Meeting 19

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  1. SCID
    diseae caused by mutation in single gene (IL2Rc gene)-gene makes sure differentiation of white blood cells happen correctly-when the gene is mutated, that cell can’t make cell lineges in differentiated form = immunodeficiency-example of a gene where gene therapy works-take the gene, put into retroviral vector, infect stem cells with virus, and then inject stem cells in blood ---- stem cells go on to create proper lineages-b/c it’s a retroviral vector gene is inserted into genome – in some cases this can cause cancer (inserted into region you don’t want to disrupt: causes over-proliferation and subsequently leukemia
  2. gene therapy is a form of:
    • reverse genetics
    • -reverse: known protein/gene causing disease, insert 'fixed copy' back into organism is gene therapy; taking a gene in a testube and going back to the test tube

    • forward: mutagenizing organisms, seeing how they affect organism
    • CANNOT do forward genetics in hhumans (Can't mutagenize, can't force them to mate with anyone)
  3. mendelian disease
    single gene is the genetic bases of the disease
  4. autosomal dominant
    when one bad copy of a gene located in an autosome (one of the 22 human chromosomes that aren't sex chromosomes) is DOMINANT and therefore expressed in a heterozygote (ex. huntington’s); usually one parent has the disease (symptoms don't manifest until after reproductive age)
  5. the x-linked recessive
    recesi=sive allele on the x-chromosome will mostly be expressed in males; mothers are phenotypically normal and act as carriers; need two bad copies on the x-chromosome
  6. autosomal recessive
    both parents must be heterozygous carriers of the allele in order for their children to be at risk for the disease; needs both copies of the recessive allele from each parent (ex. cystic fibrosis)
  7. Image Upload 1
    autosomal dominant
  8. Image Upload 2
    autosomal recessive
  9. x-linked recessive
    Image Upload 3
  10. number of carriers is always larger than the number of people who actually have the disease:
    carrier versus incidence frequency
  11. founder effect
    small population that either increases or stays the same and has a basis of this defect: the members of this population share these bad genes = increased risk of genetic disease (all of us have bad genes)
  12. first study of dNA
    Nicher; collected WBC's within used/collected bandages
  13. resucue analysis is essentially:
    gene therapy; rescue analysis only comes later when you know what gene you're talking about
  14. in a heterozygote:
    you'd see two bands on the gel; in someone who's HOMOZYGOUS, you'd only see one band because they have two copies of the same gene
  15. RFLP (restriction fragment length polymorphism)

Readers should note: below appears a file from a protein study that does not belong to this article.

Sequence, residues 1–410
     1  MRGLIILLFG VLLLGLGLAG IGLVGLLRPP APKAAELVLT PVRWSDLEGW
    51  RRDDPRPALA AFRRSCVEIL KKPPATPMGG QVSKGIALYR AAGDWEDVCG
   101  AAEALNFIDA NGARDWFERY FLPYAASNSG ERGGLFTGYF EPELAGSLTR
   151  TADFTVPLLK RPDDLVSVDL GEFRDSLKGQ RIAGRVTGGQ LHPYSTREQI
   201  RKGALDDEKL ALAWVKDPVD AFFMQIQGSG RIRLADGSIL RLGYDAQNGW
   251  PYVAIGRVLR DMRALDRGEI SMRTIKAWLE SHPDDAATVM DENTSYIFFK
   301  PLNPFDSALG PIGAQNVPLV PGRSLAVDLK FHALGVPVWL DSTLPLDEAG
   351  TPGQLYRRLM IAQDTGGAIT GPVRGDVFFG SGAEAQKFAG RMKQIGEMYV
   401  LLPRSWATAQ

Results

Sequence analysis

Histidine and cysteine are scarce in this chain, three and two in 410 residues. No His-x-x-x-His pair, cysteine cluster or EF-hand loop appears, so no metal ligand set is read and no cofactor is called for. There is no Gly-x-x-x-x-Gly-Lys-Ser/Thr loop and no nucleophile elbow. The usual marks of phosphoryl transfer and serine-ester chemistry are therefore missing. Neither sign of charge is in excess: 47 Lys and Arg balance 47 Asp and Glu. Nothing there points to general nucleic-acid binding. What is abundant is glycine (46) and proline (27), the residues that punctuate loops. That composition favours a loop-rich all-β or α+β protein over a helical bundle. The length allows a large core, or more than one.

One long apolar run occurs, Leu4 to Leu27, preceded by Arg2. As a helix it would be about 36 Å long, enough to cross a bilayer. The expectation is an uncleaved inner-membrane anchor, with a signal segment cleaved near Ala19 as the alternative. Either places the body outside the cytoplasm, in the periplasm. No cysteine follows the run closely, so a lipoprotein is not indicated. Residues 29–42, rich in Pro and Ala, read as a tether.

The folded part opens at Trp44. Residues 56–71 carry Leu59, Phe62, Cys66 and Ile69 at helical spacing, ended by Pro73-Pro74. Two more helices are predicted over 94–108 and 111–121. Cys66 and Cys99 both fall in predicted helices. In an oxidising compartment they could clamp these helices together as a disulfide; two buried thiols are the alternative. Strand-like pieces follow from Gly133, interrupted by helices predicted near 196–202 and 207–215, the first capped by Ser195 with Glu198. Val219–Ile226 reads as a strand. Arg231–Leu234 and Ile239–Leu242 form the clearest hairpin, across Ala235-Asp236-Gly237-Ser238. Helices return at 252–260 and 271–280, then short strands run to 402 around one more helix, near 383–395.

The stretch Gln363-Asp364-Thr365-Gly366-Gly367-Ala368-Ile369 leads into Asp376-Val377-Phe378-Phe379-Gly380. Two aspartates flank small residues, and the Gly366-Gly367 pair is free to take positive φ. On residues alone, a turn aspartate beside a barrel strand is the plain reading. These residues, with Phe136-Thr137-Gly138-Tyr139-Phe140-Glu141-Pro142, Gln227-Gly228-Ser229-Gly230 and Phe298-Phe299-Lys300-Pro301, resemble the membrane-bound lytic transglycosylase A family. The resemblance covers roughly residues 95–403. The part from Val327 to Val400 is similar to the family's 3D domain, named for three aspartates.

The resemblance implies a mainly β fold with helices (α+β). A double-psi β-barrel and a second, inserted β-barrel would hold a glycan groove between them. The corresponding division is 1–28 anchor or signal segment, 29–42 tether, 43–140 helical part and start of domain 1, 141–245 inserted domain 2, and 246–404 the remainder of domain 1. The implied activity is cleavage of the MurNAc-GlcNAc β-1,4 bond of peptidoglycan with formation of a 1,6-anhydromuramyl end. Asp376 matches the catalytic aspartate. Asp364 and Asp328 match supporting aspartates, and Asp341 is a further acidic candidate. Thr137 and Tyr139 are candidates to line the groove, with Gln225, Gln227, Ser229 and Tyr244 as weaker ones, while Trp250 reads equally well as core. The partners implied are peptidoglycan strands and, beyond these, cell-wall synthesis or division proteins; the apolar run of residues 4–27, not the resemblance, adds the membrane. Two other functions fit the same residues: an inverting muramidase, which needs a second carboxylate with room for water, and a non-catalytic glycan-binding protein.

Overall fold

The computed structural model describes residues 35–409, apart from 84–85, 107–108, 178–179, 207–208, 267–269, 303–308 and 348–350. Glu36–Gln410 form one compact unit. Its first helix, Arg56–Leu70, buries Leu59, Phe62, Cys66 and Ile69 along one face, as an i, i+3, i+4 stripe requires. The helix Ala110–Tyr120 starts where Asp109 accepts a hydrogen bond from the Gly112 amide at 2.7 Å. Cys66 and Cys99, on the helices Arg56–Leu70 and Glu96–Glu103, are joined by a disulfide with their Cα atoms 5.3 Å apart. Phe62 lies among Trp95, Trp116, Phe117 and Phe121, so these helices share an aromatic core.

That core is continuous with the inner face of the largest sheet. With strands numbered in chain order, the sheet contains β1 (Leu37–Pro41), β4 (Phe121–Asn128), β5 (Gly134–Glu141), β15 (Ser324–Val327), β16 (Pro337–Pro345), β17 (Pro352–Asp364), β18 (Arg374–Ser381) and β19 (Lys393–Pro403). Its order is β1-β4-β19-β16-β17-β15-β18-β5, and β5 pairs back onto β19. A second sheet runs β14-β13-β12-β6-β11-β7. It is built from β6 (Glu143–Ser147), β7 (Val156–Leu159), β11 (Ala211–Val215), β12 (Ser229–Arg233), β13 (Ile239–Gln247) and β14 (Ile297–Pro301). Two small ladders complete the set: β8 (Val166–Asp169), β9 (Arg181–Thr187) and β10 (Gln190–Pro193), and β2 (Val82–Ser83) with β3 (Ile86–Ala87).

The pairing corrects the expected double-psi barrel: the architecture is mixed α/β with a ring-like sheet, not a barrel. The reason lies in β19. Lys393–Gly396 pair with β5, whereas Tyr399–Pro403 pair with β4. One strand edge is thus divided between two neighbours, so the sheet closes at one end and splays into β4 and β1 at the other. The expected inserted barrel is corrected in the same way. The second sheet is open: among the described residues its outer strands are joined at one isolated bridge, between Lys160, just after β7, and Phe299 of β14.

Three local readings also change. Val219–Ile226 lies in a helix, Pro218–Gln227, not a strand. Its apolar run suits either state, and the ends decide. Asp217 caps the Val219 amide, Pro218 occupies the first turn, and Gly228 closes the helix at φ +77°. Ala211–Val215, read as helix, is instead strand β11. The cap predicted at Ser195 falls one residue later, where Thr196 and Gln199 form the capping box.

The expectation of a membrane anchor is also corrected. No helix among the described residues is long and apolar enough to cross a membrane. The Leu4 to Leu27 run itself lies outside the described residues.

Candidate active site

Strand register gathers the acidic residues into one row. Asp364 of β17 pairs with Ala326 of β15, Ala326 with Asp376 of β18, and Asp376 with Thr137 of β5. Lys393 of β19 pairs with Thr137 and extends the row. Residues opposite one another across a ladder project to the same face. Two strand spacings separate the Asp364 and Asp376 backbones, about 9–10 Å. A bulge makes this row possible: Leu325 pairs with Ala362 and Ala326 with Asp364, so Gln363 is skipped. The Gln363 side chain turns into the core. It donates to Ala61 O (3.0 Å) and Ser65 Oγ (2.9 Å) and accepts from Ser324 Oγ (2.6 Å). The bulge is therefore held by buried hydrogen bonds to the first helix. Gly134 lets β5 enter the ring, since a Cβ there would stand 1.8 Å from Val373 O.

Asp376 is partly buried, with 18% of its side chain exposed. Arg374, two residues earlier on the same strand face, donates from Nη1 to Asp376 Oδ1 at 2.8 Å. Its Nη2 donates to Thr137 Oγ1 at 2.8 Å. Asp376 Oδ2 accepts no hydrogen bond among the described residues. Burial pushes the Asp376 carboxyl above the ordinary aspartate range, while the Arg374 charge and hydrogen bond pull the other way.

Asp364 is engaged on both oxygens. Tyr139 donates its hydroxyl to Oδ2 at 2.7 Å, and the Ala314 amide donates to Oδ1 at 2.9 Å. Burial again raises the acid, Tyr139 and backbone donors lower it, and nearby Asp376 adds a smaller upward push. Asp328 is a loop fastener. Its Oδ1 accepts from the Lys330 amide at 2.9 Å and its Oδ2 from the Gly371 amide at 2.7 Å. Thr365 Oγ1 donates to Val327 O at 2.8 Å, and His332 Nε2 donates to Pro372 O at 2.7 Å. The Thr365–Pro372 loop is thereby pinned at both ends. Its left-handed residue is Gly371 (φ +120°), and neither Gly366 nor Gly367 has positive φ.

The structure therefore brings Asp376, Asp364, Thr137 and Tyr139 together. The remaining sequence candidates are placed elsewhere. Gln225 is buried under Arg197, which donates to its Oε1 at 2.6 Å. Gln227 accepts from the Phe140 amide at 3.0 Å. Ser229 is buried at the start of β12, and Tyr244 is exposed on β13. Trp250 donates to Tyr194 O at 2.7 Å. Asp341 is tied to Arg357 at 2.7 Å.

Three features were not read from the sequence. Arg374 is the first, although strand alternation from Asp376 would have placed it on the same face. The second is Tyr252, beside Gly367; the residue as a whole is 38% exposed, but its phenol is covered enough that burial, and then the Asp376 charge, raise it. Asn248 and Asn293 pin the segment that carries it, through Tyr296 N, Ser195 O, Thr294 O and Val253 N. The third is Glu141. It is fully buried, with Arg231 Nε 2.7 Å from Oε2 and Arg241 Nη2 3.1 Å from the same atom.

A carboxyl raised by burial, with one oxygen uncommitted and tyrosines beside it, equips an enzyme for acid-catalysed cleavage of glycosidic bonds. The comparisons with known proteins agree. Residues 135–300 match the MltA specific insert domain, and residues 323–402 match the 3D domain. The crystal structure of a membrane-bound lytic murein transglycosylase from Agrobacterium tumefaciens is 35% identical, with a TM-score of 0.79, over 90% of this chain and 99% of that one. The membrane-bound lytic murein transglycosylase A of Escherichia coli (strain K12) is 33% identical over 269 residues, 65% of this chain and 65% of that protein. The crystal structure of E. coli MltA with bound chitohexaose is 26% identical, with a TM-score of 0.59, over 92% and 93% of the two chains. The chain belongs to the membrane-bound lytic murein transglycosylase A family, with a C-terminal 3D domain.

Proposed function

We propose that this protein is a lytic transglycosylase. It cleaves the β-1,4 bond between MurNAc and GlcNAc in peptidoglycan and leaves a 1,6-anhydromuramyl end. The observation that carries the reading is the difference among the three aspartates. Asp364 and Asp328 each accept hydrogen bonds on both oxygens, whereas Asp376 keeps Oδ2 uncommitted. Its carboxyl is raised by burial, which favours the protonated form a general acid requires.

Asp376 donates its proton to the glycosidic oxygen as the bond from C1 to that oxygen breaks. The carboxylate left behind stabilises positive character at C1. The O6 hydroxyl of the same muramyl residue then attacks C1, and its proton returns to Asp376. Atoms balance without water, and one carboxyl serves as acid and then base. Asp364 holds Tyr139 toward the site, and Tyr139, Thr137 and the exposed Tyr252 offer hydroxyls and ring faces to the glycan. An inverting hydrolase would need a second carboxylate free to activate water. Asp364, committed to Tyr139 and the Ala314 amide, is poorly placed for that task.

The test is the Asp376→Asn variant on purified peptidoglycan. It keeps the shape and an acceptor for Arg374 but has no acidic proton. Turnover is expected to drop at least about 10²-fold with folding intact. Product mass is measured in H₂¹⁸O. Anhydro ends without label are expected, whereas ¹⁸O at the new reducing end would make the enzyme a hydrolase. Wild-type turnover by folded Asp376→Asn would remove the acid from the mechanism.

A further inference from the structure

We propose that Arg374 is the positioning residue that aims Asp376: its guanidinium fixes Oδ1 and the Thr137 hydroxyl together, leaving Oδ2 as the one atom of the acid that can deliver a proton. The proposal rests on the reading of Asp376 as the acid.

differences among individuals in the sequence of genomic DNA that create or destroy sites recognized by particular restriction enzymes; are one of several types of sequence differences between individuals that can serve as DNA-based molecular markers in human linkage studies
  16. Image Upload 4
    see how A cuts two different lengths? that shows up on a gel, because of the RFLP; this can be a phenotype just like CyO can be or whatever; here you're just tracking a molecule; B (there's no RFLP), so the bands are the same size and just come out as the same length on the gel
  17. SNP (single nucleotide polymorphism)
    some place in the genome where you might have one letter or a different one; RFLP's can be SNPs but not always (for example if there was a deletion not replacement)

    LOT'S of SNPs aren't RFLPs

    can test for these using: can sequence it (PCR) around that position and then sequence the DNA; need to know the sequence in general to find the surrounding area (that will hopefully stay the same, can be used to make the probes)

    also microarray: big enough it's unique, but not too big that it overwhelms the discrepancy; if you get the temperature just right, there will only be hybridization with the one that matches EXACTLY; the others will not hybridize
  18. SSRs (simple sequence repeats)
    some different number of repeats of some small sequence; mutates rapidly because the polymerase tends to slip

    to test: PCR...then run a gel, primers that are out here, you'll get something shorter or longer depending on the number of repeats there are
  19. simple-sequence DNA
    short, tandemly repeated sequences that are found at centromeres and telomeres as well as at other chromosomal locations and are not transcribed; also called satellite DNA??
  20. BAC
    bacterial artificial chromosome; big plasmid
  21. genetic maps
    places where the markers are; knowing there can be differences in individuals between markers
  22. BRCA1 and BRCA2
    autosomal dominant mutation; when looking at families, you find markers that are associated with people who have the disease
  23. genetic heterogeneity
    mutations in any one of multiple different genes can cause the same disease
  24. polygenic traits
    alleles of multiple genes, acting together within an individual contribute to both the occurence and the severity of disease
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Meeting 19
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